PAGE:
Settle Stories

Storytelling may be as old as time but it’s not a lost art form. It’s adapted with every technological revolution and next week in a rural Yorkshire town audiences will see exactly how

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“Those who tell stories, rule society,” was Plato’s opinion but in Ancient Greece storytellers weren’t competing with smartphones to hold society’s attention. Some 2,500 years later, does the age-old practice of telling tales still hold as much clout?

“Nothing can take away the power of being in a room with a live storyteller listening to a great story well told,” says Sita Brand, director of Settle Stories. “Since ancient times we have evolved to learn and communicate through story. Our need to engage with story is universal and enduring. Stories define who we are, where we have come from and where we are going.”

The daughter of a librarian, Brand spent her childhood in libraries and bookshops. After her drama degree at Exeter University she began working as a storyteller. But she isn’t a spoken word purist and the programme for the seventh edition of Settle Stories festival reflects this with a series of shows proving technology isn’t the enemy of storytelling.

“In modern times storytellers use different mediums. Our diaries have become blogs, Facebook and Instagram posts,” says Brand, pointing out that these new media affect how we consume stories – something the festival will explore with talks on interactive fiction, workshops on digital storytelling and stories shared through theatre, photographs, tapestry, song, and virtual reality, alongside oral tradition.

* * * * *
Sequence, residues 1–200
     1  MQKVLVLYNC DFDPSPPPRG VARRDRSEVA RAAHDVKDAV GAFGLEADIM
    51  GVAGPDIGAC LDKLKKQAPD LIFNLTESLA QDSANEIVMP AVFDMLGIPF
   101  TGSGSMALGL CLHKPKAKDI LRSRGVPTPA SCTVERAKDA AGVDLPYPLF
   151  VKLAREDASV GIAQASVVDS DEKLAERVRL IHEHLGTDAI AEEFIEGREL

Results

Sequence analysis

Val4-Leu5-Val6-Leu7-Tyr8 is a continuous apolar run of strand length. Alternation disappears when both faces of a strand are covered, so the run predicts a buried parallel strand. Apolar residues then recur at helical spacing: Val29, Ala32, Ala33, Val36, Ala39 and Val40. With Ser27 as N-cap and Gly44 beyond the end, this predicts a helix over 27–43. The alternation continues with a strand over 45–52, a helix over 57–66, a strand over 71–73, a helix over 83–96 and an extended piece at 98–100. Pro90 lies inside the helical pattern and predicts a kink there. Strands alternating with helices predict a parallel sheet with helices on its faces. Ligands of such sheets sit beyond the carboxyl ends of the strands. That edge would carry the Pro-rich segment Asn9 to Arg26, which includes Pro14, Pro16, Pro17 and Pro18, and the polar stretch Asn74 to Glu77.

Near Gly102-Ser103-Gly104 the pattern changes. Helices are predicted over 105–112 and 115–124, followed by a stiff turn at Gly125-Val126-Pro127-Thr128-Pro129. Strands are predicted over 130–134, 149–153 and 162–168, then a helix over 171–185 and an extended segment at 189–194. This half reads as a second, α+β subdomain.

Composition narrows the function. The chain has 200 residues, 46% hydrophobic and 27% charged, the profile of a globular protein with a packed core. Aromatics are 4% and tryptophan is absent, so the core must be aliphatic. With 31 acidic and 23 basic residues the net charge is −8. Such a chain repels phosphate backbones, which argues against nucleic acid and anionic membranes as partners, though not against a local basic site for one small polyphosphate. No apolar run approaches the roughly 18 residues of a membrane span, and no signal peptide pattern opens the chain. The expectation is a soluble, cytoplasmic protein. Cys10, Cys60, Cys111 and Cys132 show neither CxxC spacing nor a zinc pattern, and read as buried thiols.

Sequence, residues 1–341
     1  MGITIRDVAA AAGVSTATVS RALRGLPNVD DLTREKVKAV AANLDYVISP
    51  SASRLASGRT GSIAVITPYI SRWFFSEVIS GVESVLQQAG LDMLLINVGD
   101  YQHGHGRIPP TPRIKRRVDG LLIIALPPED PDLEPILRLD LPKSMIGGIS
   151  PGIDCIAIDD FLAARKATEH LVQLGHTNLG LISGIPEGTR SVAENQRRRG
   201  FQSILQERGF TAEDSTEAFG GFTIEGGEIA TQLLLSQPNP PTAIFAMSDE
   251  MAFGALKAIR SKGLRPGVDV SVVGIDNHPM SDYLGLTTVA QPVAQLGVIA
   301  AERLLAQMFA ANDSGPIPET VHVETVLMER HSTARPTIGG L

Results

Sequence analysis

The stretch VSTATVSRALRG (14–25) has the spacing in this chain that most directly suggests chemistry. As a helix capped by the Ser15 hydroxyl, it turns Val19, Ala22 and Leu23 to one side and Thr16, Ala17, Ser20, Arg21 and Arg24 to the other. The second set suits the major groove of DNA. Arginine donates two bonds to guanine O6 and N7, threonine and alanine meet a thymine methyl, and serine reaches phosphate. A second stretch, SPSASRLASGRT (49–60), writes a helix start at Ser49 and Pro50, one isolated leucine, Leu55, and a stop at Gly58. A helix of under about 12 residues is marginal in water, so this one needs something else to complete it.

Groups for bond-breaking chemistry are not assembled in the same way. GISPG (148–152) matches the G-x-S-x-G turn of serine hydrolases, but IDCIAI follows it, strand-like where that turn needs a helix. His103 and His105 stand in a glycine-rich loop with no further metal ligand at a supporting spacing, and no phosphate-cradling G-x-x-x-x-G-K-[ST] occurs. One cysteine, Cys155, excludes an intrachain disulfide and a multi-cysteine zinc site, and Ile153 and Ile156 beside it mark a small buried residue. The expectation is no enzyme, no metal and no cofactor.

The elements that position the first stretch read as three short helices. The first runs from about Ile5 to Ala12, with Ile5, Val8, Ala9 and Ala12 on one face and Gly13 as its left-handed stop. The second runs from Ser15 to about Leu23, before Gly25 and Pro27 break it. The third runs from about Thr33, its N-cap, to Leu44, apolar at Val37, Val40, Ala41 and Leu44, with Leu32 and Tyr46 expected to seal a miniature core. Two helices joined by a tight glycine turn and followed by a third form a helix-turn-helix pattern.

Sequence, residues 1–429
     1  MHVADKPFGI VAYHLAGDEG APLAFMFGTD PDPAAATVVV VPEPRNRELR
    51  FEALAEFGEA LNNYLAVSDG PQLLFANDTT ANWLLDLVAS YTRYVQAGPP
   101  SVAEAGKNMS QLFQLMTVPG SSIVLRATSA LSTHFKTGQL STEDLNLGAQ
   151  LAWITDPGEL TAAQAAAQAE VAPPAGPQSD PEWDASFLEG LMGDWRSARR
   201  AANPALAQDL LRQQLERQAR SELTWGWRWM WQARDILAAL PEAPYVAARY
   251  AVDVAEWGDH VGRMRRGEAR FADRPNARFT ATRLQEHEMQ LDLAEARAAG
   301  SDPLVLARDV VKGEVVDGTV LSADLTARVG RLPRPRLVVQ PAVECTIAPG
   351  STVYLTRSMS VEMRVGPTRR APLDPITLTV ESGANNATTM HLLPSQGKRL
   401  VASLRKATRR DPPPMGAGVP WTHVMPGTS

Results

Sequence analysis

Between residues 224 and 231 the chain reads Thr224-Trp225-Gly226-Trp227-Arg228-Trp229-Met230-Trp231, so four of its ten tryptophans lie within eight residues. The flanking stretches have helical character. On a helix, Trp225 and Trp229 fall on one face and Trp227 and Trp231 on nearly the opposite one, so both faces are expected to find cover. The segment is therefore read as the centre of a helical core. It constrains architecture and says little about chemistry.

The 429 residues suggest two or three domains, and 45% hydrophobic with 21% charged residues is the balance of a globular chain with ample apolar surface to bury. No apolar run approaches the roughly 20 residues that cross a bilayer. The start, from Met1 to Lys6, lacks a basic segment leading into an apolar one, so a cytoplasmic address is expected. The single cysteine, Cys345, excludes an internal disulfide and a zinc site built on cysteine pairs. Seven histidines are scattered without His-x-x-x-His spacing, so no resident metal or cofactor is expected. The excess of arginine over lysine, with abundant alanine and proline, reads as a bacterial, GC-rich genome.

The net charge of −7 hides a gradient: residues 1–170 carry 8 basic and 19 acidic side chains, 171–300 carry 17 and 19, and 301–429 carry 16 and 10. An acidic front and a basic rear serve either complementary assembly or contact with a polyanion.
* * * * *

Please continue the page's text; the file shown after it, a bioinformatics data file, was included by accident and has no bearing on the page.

“In the 21st century so many of us are addicted to our mobile phones, myself included, and digital natives like all of us are often consumed by new technology. The world is changing so why should storytelling be any different?” says Brand, pointing to programme additions such as WiFi Wars – a comedy game show where participants log in with their smartphones to compete – and the virtual reality experience And The Birds Fell From The Sky, which casts participants as the central character in the story and is not for the faint hearted (recommended for ages 14-plus).

“Our core audience is adults. People are often surprised by this as they associate storytelling with children but this really isn’t the case. At this festival more than at any other we’ve increased the number of adult workshops so you can learn from world-class artists and develop your own skills in not just storytelling but also photography and clowning,” says Brand.

There is much on offer for children, however. The Queen And The Jester features stupid songs and some sensible stories, Little Man Jack is an immersive session for little ones and stealing the show is a 50ft whale in Settle Market Place. Children venture into its belly to hear tales from all-female performance troupe Circo Rum Ba Ba.

There will be plenty of interactive activities too, with children able to make dolls with artist Martina Attille before recording their own stories about it, join a lantern-making workshop before parading creations on a candlelit story walk, and go on a teddy bear’s picnic.

Settle is the perfect setting for all this to unfold, believes Brand, who grew up in South India. “When I came up to Settle 10 years ago, I fell in love with the enchanting landscape and decided I had to move here. I wanted to return to my storytelling routes, hence Settle Stories came into being. I wanted to bring great arts and activities to the area and to celebrate story in all its forms in this beautiful rural community.”

Settle Stories is on 6-8 April, various venues ( Big Issue North is proud media partner and will be hosting a talk and drop in sessions over the weekend, with a vendor on site too

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